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  11. Pingback: Wanna talk about Francis Dolarhyde? #richardarmitage | Me + Richard Armitage

  12. I’ll make an attempt to rewatch Hannibal. The main issue is time at the moment … am even trying to fit in Berlin Station. At the time of release, I listened to all the audio novels and had also watched the first couple of series. I can’t say I ‘enjoyed’ them,but appreciated the artistry and acting. I was therefore prepared to ‘meet’ Francis. Fabulous performance by RA. The downside for me here in Australia were all the spoilers on twitter and the fact we were completely ignored as an audience. This still holds true today, and one of the reasons I struggle with my fangirling. All publicity aimed at fans in the US. 😦 That aside, a great performance from RA … I even coped with the US accent. (Hides behind sofa). Sorry, but I really hope he can do some work without that accent getting in the way. His hard work at trying to get the accent right just seems to result in those annoying postures of his returning. His acting for Frances was quite different imo!

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    • LOL, you are totally preaching to the choir here, Mulubinba. I couldn’t agree more – that accent is a big NO NO! Nothing against American accents, but it really grates with me when I SEE *him* and HEAR something that is so *not him*! Honestly, he just needs a role where he can speak in his own accent again.

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  13. In preparation for this scary character I have watched the film with Ralph Fiennes and read the book at that time prior to looking at RAs Dolarhyde. And today, after rewatching, the differences in
    the portrayal still strike me. RAs FD is in every shot a sick and tortured schizophrenic man whereas RF shows an insane, but coldblooded murderer. Seems to me that this is also reflected by the cinematography, leaving RA in the dark and RF often in bright light, somehow depicting the last one as a two-dimensional character driven only by hate…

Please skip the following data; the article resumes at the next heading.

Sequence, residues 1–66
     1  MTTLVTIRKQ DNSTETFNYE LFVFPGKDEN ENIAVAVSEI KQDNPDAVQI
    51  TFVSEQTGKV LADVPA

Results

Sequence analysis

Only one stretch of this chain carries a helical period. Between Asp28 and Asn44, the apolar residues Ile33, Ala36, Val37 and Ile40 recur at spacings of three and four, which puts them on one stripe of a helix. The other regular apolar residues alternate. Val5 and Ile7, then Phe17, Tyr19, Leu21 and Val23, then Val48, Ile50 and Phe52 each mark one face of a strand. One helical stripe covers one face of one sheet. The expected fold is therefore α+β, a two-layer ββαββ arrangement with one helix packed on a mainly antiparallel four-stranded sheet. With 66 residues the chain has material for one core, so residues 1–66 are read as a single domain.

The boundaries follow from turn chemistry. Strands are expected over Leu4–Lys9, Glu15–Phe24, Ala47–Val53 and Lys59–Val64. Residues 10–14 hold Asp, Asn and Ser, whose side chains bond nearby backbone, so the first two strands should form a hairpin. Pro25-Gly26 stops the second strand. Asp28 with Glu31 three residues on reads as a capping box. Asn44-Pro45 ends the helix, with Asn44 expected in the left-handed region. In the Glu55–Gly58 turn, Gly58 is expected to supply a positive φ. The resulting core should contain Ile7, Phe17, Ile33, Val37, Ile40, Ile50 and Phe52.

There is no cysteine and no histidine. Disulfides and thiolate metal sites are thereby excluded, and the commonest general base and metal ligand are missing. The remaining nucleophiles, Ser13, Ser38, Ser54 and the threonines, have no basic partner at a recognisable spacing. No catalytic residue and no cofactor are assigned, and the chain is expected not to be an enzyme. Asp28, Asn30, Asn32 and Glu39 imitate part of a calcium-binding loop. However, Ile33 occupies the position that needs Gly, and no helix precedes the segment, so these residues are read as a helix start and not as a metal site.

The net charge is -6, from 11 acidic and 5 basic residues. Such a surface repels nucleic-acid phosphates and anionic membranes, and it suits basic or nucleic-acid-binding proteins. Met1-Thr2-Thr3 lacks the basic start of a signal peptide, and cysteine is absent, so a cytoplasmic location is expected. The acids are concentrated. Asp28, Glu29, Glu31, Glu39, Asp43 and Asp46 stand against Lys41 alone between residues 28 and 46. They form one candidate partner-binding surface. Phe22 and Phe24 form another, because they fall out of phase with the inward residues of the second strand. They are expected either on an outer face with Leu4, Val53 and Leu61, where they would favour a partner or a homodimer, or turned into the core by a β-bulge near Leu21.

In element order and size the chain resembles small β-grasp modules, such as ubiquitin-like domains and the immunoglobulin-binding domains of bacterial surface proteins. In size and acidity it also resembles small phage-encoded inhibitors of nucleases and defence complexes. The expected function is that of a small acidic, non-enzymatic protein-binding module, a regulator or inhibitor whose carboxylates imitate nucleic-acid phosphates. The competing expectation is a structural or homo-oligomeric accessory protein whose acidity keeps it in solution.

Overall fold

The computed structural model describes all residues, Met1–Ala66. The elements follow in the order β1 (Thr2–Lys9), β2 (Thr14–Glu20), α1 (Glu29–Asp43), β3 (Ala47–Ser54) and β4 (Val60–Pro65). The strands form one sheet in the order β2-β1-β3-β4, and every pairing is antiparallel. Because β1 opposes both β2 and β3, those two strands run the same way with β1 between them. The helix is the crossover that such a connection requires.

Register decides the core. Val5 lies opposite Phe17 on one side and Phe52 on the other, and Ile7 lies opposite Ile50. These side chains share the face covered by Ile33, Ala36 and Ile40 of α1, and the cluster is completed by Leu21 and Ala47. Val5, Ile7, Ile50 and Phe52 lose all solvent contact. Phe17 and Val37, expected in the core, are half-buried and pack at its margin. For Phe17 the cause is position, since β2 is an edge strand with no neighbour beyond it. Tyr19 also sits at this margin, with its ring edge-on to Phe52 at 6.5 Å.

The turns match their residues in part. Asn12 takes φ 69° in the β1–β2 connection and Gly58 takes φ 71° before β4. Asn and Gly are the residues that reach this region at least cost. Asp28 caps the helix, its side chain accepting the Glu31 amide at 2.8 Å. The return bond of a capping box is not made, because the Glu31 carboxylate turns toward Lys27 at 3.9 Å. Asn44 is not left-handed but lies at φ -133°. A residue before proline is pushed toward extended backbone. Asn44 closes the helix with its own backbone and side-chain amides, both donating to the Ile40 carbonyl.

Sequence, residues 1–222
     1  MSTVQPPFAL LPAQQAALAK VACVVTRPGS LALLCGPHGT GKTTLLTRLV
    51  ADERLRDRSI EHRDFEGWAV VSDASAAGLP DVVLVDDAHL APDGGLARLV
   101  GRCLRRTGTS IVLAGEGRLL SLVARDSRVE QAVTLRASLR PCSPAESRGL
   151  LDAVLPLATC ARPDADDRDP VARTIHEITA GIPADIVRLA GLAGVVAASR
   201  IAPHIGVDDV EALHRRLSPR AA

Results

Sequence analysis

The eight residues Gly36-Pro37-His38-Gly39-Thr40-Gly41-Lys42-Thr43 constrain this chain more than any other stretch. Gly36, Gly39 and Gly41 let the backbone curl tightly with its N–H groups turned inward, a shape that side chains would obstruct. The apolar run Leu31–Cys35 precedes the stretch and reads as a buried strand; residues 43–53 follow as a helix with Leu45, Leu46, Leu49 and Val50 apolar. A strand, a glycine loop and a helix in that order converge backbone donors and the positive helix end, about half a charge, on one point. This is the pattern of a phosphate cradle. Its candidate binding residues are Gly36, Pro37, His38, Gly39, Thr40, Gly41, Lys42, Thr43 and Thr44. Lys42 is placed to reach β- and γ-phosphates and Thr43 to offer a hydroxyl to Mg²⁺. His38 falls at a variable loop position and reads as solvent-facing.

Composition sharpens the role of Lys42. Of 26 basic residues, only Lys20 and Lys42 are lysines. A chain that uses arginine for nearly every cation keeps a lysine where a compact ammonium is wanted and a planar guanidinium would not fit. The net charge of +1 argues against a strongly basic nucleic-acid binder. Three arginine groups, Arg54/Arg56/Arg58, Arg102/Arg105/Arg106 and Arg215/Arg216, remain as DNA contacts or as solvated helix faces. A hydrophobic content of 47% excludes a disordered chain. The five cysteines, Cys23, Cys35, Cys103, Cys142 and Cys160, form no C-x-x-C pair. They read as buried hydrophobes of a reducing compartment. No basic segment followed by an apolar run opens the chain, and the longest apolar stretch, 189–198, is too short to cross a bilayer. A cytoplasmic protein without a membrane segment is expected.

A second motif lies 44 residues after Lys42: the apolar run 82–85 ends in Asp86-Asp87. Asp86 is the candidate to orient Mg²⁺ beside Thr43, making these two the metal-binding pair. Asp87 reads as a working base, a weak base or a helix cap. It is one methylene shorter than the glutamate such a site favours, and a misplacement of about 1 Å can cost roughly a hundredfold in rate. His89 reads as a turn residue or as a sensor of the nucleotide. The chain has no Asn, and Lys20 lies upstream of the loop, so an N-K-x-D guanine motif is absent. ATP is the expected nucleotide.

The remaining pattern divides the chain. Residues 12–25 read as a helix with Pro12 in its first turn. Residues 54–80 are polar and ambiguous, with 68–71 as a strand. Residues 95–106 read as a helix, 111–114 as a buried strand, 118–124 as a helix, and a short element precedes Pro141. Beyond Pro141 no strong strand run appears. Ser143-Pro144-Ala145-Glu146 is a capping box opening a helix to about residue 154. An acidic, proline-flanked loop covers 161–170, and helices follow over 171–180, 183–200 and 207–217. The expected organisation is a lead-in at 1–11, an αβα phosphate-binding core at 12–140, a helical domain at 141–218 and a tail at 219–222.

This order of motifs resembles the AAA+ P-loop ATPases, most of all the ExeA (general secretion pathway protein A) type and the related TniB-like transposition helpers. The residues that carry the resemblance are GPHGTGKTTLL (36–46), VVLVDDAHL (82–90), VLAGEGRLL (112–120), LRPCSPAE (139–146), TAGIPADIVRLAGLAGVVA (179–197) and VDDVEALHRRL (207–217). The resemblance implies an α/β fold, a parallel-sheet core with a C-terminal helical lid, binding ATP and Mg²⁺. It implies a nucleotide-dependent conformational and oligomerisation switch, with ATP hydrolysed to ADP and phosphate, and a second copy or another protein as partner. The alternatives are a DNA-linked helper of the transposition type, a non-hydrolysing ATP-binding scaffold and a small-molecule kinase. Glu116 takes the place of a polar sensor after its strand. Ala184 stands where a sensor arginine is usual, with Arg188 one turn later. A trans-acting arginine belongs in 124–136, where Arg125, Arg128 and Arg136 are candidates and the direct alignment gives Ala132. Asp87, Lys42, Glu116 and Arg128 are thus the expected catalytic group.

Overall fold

The first scene of RAs FD shows it all. He looks around himself, feels observed by his inner creature, the dragon. In every situation he is not alone, there is somebody watching and controlling him. I don’t particularly like the exercise scene, but his distraught look after the effort is really great, I can feel his struggle. The mirror scene is quite ingenious, full stop.
    Some parts are over-the-top, in my eyes. To name is the weird part with the projector and the film strips wrapping around him and the glowing eyes, huh. I only asked myself why does he listen to this schmaltzy music while watching the footage. The downfall in front of the mirror showing his huge tattoo belongs to the same category.
    The scrapbook scene is fine, again. His disdainful look at the photo with him and Grandma and turning it upside down is just masterful. Was ist already discussed back then if the writing in the book is RA’s own?
    Altogether, the re-watch is rewarding, thank you for initiating it. I think, too, this is one of his finest performances without the typical RA gestures (which I generally like but not at the umpteenth repetition…Berlin Station, I am thinking of you!)

    Like

  14. Just for fun!
    After watching FD screaming on moon nights, here dear fan you can discover an other specialist creature of such activity:

    Thanks to National Geographic Channel !

    Like